Discovery of a nearly 70-year-old map of the South China Sea could help Beijing support its claim in Asia’s biggest maritime sovereignty dispute, but it would face criticism abroad and fall outside the scope of international law, experts say.
The 1951 map, as described in an article by five Chinese researchers, includes coordinates in the 3.5 million-square-kilometer sea that offer Beijing a clearer-than-ever show of where its waters and islets lie, maritime scholars say. Today China uses a U-shaped nine-dash line that leaves spaces between those lines open to interpretation.
Chinese officials have not so far used the map to change policy. They might be waiting to see what decision-makers elsewhere think, said Euan Graham, international security director with the Lowy Institute for International Policy.
Brunei, Malaysia, the Philippines, Taiwan and Vietnam also claim all or parts of the sea that’s prized for fisheries, oil and gas. China has irritated them all over the past decade by landfilling disputed islets for military use.
International courts would probably reject the map as a legal tool, Graham said.
“Maps don’t carry independent legal weight. You can submit as many maps as you like, but the map changes nothing as regards the legality of claim,” he said. “It’s part of a broader campaign that China has long pursued, which is to build an evidential base amongst scholars that this is not a confected recent claim.”
A more vivid demarcation line
The map, as described by the scholars in an undated 2018 Science China Press article, fills in gaps between nine thick lines that China uses now to describe the boundary around its disputed claims extending from Hong Kong to Borneo. Foreign scholars became aware of the article this month.
“It is an important historical map that clearly proves the U-boundary line is the border of China’s territorial sea in the South China Sea,” the article says. It may also be China’s first map produced under Communist Party rule.
China cites records extending back into dynastic times as support for its claim to more than 90 percent of the sea. If it adopted the map as a policymaking tool, that would mean China wants to end the “ambiguity” of its nine-dash line, Graham said.
“I think this just shows their determination to keep the South China Sea as a part of China,” said Alex Chiang, international relations professor at National Chengchi University in Taipei.
The nine-dash line caused has confusion over the past year as Vietnam, the most vocal among the other claimants, explored the sea for oil and gas.
Officials in Beijing may be waiting for reactions from other countries before they decide how to use the map, said Gregory Poling, director of the Asia Maritime Transparency Initiative of the American think tank Center for Strategic and International Studies.
“It could be nothing more than a scholarly curiosity, or it could be an attempt to put this idea out there as a trial balloon and see how the international community responds,” Poling said.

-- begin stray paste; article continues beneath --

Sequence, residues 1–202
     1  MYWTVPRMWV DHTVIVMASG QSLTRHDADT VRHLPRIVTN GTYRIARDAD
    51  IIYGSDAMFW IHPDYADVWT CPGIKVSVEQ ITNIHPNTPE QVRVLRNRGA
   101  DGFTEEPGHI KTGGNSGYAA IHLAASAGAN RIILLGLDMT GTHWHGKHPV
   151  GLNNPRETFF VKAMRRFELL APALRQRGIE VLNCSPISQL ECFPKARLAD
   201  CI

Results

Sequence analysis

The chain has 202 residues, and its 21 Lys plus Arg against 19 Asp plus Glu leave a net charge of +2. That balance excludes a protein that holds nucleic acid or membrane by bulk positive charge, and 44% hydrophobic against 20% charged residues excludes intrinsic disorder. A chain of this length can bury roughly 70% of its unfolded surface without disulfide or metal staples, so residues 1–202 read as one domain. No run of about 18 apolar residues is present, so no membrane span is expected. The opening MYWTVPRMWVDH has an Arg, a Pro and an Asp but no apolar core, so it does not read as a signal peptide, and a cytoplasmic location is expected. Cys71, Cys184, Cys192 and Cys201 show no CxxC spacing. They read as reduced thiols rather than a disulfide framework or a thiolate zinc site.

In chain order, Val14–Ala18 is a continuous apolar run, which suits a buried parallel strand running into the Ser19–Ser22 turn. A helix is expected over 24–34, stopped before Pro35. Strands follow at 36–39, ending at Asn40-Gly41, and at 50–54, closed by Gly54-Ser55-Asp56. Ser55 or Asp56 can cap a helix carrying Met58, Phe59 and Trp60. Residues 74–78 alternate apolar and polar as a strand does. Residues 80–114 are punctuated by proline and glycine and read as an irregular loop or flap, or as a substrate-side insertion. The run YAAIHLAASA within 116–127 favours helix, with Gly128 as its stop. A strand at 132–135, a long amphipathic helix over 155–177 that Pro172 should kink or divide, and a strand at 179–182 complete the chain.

Suspicious reactions could make the matter disappear rather than become government policy, Graham said. But the Southeast Asian claimants, all militarily weaker than China, are unlikely to sound off, he said.
China has offered those countries investment and economic aid to steady relations since 2016, when a world arbitration court rejected the legal basis for Chinese claims at the time.
But Taiwan, Vietnam and the Philippines might eventually protest, Chiang said. China for its part wants to avoid conflict, he said, and look first for diplomatic solutions to sovereignty disputes.
Questioned as a legal document
Public opinion may decide the map’s role in Chinese policymaking, as it can’t stand up to the United Nations Convention on the Law of the Sea, scholars say.
China would need to show “occupation and continuous administration” of waters inside the U-shaped line, said Carl Thayer, Southeast Asia-specialized emeritus professor at the University of New South Wales in Australia. Islets in the U-shaped line were largely uninhabitable in 1951.
The 1951 map was neither “appended to a treaty” nor issued by the Chinese government, he added, further weakening its clout under international law.
China’s Communist government, in power for just two years then, had little international support “rather than universal recognition,” said Alan Chong, associate professor at the S. Rajaratnam School of International Studies in Singapore. Chinese scholars may lack understanding of international law as well, he said.
“Will this stand up in an international court of law? I have my doubts,” Chong said. “If this surfaced in an international court, the decision could go either way. It is not what you call incontrovertible proof, because in 1951 the People’s Republic of China was not officially recognized by a lot of states.”